$N$ and $P$ of Equation \eqref{eq:1} denote respectively the number of zeros and poles of $f(z)$ inside the contour $C$, with each zero and pole counted as many times as its multiplicity, respectively order, indicates. 
\end{frame}

\end{document}

Save this as file, say myfile.tex

Now, in your terminal, cd to your working directory. In order for the tool tips to work, you have to use the bundled script. You also have to download the Acrotex Education Bundle. For manual installing the needed package, you can download eforms and insdljs from the author's site: http://www.math.uakron.edu/~dpstory/webeq.html.

Now, in your terminal, run

bash fancy-preview myfile

Do not include the .tex file extension.

You can also use the option mouseover so that the equation will pop up by just hovering over the reference.

Output

enter image description here enter image description here enter image description here enter image description here

By the way, this only works with Adobe Reader.

For version 1.12 dated 2012/06/12

MiKTeX users see additionally Speravir's answer.

The option preview for fancytooltips replaces the command \FancyHook. You can try the following code. The script fancy-previewis a Perl file, now. The AcroTeX packages are still needed (see above).

%For fancyequations version 1.12 
\documentclass[10pt]{beamer}

\usetheme{EastLansing}
\setbeamertemplate{theorems}[numbered]
\usepackage{amsthm,amsmath,graphicx,color}

\usepackage{tikz}
\usepackage{hyperref}

\usepackage[inactive,mouseover,blur=0.6, fixcolor,preview]{fancytooltips}

\begin{document}

%\FancyHook % Redefines \ref and \eqref commands to work with preview. See manual by running texdoc fancytooltips in your terminal


\title{A sample beamer presentation}
\author{Shuhao Cao}

\begin{frame}
\maketitle
\end{frame}

\begin{frame}
\begin{theorem}[Argument Principle]
If $f(z)$ is a meromorphic function inside and on some closed contour $C$, and $f$ has no zeros or poles on $C$, then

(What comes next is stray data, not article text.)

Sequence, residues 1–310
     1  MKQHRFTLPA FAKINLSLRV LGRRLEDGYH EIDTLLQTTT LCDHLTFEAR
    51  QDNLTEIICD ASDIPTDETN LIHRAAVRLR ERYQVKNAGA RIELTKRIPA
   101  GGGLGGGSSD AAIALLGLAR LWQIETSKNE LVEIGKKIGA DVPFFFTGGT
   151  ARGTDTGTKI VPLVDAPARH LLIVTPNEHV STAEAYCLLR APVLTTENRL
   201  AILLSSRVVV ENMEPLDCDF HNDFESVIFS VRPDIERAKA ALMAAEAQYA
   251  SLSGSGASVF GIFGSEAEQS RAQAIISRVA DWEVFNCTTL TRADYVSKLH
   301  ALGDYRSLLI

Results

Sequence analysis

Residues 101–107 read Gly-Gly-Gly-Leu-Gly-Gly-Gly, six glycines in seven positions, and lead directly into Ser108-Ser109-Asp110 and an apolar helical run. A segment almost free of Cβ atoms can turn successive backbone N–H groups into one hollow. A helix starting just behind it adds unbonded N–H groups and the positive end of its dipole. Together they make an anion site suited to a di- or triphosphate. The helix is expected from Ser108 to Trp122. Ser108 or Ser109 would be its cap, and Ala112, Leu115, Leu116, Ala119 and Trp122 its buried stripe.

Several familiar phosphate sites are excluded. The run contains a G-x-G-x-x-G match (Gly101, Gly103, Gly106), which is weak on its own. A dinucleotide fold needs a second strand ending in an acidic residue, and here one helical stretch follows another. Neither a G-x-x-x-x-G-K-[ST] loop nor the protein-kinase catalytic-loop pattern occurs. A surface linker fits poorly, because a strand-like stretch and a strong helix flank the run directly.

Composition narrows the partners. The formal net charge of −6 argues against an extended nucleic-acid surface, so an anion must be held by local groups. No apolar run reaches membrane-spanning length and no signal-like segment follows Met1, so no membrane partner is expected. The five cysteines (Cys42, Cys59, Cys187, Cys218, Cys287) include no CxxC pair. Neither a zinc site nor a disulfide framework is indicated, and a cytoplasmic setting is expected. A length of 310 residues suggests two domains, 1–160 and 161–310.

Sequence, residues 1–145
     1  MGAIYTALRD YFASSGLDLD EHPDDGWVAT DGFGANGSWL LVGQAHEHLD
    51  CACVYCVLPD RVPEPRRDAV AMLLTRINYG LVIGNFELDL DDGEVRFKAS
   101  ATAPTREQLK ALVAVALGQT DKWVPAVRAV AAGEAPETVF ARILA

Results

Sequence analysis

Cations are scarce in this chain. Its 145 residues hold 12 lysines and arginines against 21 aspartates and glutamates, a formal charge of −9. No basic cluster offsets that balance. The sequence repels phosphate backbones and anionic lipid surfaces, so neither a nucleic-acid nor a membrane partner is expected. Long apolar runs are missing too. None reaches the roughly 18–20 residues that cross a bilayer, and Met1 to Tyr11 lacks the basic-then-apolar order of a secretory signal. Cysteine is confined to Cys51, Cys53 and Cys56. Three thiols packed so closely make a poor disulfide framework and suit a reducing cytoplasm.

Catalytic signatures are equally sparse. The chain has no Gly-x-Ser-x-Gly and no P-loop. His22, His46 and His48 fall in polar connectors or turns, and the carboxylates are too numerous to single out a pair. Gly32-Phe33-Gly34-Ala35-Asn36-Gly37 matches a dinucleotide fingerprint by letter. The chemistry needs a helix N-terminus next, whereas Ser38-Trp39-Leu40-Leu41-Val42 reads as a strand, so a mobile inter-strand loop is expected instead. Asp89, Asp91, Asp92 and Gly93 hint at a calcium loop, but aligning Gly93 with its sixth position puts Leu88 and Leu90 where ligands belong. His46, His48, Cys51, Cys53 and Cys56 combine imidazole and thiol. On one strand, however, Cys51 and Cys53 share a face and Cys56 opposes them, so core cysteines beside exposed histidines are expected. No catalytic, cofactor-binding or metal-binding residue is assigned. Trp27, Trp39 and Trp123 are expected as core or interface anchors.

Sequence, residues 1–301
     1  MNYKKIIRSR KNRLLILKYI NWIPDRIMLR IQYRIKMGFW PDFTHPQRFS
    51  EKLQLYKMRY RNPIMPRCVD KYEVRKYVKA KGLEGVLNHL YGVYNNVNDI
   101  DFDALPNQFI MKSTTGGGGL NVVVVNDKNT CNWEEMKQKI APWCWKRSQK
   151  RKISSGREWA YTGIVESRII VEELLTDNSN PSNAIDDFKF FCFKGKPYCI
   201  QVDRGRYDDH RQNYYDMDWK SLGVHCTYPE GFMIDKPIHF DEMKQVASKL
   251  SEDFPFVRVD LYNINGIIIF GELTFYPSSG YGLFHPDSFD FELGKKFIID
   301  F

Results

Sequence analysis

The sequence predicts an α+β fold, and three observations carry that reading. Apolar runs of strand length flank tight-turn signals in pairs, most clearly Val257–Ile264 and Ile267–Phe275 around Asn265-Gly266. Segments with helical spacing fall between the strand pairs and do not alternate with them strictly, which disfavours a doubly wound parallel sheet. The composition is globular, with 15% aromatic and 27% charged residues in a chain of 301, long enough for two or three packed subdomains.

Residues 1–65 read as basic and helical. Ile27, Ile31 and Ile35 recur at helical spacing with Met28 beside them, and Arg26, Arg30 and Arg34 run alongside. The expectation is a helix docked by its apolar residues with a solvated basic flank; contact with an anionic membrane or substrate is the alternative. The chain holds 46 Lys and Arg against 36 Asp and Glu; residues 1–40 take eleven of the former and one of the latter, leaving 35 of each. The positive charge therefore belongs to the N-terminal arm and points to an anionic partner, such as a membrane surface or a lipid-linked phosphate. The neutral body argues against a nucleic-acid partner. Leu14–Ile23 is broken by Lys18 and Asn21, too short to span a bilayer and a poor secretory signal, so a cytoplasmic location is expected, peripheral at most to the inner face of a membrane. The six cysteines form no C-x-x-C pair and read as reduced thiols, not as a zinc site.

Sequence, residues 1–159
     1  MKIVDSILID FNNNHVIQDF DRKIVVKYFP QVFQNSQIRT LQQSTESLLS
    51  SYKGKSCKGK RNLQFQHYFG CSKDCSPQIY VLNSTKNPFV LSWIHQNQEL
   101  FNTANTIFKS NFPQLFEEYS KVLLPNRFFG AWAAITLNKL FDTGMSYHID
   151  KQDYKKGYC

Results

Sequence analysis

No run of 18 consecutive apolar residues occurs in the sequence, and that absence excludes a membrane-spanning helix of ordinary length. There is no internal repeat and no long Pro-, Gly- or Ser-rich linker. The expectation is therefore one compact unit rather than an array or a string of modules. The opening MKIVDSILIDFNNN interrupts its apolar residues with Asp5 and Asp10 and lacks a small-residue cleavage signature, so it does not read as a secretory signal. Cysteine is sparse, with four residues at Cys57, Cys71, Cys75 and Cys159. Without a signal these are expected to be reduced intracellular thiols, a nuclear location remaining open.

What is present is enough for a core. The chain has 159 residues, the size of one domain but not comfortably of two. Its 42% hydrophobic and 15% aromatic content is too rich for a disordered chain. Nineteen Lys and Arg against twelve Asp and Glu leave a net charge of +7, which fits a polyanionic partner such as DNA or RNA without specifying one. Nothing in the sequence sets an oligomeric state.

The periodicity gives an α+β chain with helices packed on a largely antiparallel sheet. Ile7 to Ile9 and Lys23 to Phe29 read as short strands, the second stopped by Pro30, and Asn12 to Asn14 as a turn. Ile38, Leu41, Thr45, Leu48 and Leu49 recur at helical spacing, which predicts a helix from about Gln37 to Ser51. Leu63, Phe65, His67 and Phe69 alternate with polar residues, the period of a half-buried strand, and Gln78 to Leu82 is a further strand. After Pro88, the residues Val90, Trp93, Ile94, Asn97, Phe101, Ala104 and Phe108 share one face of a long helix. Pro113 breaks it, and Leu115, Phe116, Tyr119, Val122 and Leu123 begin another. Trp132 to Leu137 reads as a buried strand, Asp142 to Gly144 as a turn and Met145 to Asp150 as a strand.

\begin{equation}
\label{eq:1}
\oint \frac{f'(z)}{f(z)} dz = 2\pi i(N-P)
\end{equation}
\end{theorem}
\end{frame}


\begin{frame}
$N$ and $P$ of Equation \eqref{eq:1} denote respectively the number of zeros and poles of $f(z)$ inside the contour $C$, with each zero and pole counted as many times as its multiplicity, respectively order, indicates.
\end{frame}

\end{document}

Compiling breaks in my machine with bash fancy-preview myfile but compiles fine with perl fancy-preview myfile.

Here is the screen shot with the latest version.

enter image description here

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What about miktex users on windows? What should be used instead of bash? –  Harish Kumar Nov 12 '12 at 1:51
    
@HarishKumar I have update my answer :) –  hpesoj626 Nov 12 '12 at 3:40
    
Thanks and +1 :-) –  Harish Kumar Nov 12 '12 at 12:39
    
Works perfectly!!!!! Greatly appreciated. –  Shuhao Cao Nov 13 '12 at 17:39
    
@Speravir It looks finer and neater. –  hpesoj626 Nov 17 '12 at 5:00
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This is thought as addition to hpesoj626’s answer for MiKTeX users:

  • As already mentioned you need an installation of a Perl distribution, see in my answer to MiKTeX and Perl scripts (and one Python script). Unfortunately you must additonally install the module Config::IniFiles by hand:
    In Strawberry Perl you go into the command line tool “CPAN Client” (can be reached over the start menu) and execute upgrade Config::IniFiles (the case of letters is relevant!). If ready press q for quitting the tool.